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Recession angst spurs pivot to emerging world’s growth engines

Recession angst spurs pivot to emerging world’s growth engines
Customers at the Pasar Hindu in Medan, Indonesia, on Thursday, 26 May 2022.

Central Asia and Asia Pacific are the only two regions in emerging markets handing local-currency bond investors positive returns this month, according to a Bloomberg index. The worst performers are Latin America and Eastern Europe. 

As panic over inflation gives way to fears about a global recession, emerging-market investors are making a pivot too – they’re now favouring countries where interest rates are still low. 

Investors have snapped up local bonds from Indonesia and Thailand, where benchmark rates had hovered around the record lows to which they were cut during the depths of the pandemic. The same happened with debt from India, where the central bank has delivered just one hike.

That’s a reversal from the first months of the year, when low-yielding bonds were dumped in favour of debt from nations like Brazil and Chile, which led to the world’s tightening cycle. But with fears of recession superseding concerns about prices over the past weeks, even as inflation continues to spur pain from Sri Lanka to Argentina, having high interest rates is no longer seen as the benefit it once was. It could even be viewed as a drawback when low inflation and growth are at a premium. 

“These countries will be in a better position to fight a global slowdown, but they are in this position because the rise of inflation in these Asian countries has lagged other countries in the first place,” said Sebastien Barbe, head of emerging market research at Credit Agricole CIB. “Countries with already high inflation a few months ago had less choice to keep rates low.

Of course, while some countries will do well from investors’ emphasis on growth, others will look even weaker. There’s $237 billion of emerging-market sovereign debt trading at distressed levels, according to data compiled by Bloomberg. And a high profile default by Sri Lanka – which is in the midst of negotiations with the International Monetary Fund and is set for a new prime minister and president – has spurred concerns that more non-payments could follow.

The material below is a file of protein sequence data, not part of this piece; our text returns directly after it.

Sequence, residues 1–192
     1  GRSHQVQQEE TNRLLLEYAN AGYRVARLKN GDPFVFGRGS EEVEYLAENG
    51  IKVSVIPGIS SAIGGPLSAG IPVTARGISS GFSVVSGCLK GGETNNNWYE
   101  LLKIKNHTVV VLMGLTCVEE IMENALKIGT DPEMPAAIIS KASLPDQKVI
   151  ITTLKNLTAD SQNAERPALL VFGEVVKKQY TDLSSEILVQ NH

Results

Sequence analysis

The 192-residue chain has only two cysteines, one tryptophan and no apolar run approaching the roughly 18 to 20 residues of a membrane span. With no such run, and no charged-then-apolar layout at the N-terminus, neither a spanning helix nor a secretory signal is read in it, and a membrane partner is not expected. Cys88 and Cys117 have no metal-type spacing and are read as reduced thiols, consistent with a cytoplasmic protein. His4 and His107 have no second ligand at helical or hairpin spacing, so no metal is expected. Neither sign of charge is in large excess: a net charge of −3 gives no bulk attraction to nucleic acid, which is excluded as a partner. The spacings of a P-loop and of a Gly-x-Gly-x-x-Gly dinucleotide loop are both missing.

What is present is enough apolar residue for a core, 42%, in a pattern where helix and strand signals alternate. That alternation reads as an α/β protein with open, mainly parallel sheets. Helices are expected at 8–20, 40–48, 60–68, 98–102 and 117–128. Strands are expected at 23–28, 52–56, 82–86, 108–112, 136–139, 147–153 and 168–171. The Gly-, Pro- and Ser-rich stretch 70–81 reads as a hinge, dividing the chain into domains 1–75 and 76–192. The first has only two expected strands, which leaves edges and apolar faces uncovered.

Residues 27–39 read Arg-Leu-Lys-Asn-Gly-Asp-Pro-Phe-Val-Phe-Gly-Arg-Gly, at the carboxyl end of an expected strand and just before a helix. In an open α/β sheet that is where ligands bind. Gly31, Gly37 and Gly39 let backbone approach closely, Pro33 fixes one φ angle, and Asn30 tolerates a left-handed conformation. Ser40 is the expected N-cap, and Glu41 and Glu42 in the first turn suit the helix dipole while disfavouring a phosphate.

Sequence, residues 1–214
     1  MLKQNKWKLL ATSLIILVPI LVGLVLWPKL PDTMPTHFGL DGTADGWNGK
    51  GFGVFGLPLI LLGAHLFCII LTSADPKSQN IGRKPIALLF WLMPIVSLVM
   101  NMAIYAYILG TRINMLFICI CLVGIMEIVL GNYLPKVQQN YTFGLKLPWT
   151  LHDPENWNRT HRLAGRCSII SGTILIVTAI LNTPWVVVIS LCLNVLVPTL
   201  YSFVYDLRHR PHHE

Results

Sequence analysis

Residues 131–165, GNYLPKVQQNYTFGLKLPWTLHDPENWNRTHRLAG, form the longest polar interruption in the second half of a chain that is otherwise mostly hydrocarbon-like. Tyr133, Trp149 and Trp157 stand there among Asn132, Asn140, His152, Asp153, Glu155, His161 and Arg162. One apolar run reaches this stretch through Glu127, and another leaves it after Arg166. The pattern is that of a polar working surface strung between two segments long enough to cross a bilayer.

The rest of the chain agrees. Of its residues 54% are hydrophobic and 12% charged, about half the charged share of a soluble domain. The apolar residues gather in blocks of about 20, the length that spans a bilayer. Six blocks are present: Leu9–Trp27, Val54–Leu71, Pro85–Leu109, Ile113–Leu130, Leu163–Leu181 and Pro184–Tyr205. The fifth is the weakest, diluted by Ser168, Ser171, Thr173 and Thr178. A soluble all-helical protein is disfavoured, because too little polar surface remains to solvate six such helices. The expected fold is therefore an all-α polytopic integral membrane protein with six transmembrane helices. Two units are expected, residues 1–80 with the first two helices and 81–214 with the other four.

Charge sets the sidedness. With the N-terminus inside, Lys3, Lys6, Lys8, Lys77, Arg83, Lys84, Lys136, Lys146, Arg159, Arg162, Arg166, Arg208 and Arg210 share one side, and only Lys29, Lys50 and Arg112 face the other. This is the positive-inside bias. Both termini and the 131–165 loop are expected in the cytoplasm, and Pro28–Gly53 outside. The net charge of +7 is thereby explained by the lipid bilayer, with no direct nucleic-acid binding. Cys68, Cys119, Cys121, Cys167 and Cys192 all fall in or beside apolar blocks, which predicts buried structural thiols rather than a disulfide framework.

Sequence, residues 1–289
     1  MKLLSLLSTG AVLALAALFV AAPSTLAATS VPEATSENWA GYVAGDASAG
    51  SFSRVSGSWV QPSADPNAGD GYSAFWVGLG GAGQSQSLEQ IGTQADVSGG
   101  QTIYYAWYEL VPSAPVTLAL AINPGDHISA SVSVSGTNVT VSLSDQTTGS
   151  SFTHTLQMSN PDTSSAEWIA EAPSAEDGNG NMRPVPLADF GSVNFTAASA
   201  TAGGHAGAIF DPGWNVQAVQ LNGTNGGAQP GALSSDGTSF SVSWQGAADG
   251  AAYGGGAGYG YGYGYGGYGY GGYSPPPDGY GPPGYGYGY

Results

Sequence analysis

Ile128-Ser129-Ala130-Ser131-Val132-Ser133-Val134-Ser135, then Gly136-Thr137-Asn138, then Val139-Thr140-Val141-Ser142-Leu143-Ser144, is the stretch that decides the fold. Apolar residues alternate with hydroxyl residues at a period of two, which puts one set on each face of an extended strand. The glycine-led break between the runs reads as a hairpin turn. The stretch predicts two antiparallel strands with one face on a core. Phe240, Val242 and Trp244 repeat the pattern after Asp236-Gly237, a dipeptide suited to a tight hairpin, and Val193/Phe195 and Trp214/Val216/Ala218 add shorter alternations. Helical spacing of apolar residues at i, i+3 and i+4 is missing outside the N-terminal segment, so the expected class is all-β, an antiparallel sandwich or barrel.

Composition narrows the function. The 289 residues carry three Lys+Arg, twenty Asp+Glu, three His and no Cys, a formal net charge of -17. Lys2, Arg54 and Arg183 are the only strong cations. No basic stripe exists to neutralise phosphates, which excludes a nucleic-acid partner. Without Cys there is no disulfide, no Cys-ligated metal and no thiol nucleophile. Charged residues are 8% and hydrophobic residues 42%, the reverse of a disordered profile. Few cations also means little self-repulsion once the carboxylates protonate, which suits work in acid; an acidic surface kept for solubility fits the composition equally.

Still, Central Asia and Asia Pacific are the only two regions in emerging markets handing local-currency bond investors positive returns this month, according to a Bloomberg index. The worst performers are Latin America and Eastern Europe. 

Out of the eight Asian countries in a Bloomberg index of local emerging-market debt, two haven’t started to raise rates yet, while the remaining delivered no more than 90 basis points in hikes since their tightening cycles started. The sole outlier is South Korea, which has raised rates by 135 basis points.

Meanwhile, all Latin American countries in the gauge have raised borrowing costs, with Chile and Brazil hiking 850 and 1,125 basis points, respectively, in the current cycle. In Eastern Europe, Poland has tightened by 640 basis points. There have also been calls for bolder central bank action to shore up currencies to protect against inflation.

“With evidence of still high inflation in the US and it becoming clear that the Fed would need to tighten aggressively, then the earlier tightening by EM central banks counted for less,” said Razia Khan, head of research at Standard Chartered Bank in London. “Growth concerns are also playing out more broadly.” 

India is expected to grow 8.7% this year, according to a Bloomberg survey, and the central bank delivered its first hike of the cycle just three months ago. Economists see Indonesia’s gross domestic product at 5.2% in 2022. Policy makers there have reiterated their commitment to holding interest rates at a record low of 3.5%. 

It’s a sharp contrast with Chile and South Africa, where economic growth may reach 2.1% this year. In Brazil, the economy is set to expand just 1.3%, according to the same survey. 

“The Asia region is interesting right now,” said Valerie Ho, a portfolio manager at DoubleLine Group in Los Angeles. “Asia tends to be more insulated and it tends to perform a bit better in those episodes. It also hasn’t seen the price pressures that Latin America and Central and Eastern Europe have.”

What to watch this week:

  • Sri Lanka’s negotiations with the IMF enter an uncertain phase with new leadership expected. The IMF has said it plans to continue technical discussions with the central bank and finance ministry.
  • In Chile, the central bank is expected to slow the pace of tightening cycle and raise the benchmark interest rate by 50 basis points to 9.50%, according to all five economists surveyed by Bloomberg.
  • The People’s Bank of China will probably keep the rate on its one-year medium-term lending facility steady again, according to Bloomberg Economics.
  • Investors will watch out for a possible lower house vote in Brazil on Tuesday, on the constitutional amendment that would pave the way for the government to breach the spending cap.
  • Money managers will also keep an eye on South Africa for readings of manufacturing production and retail sales in May.
  • India’s CPI inflation likely inched higher in June, lifted by gains in food and core components driven by supply shocks and a lower year-earlier base. BM

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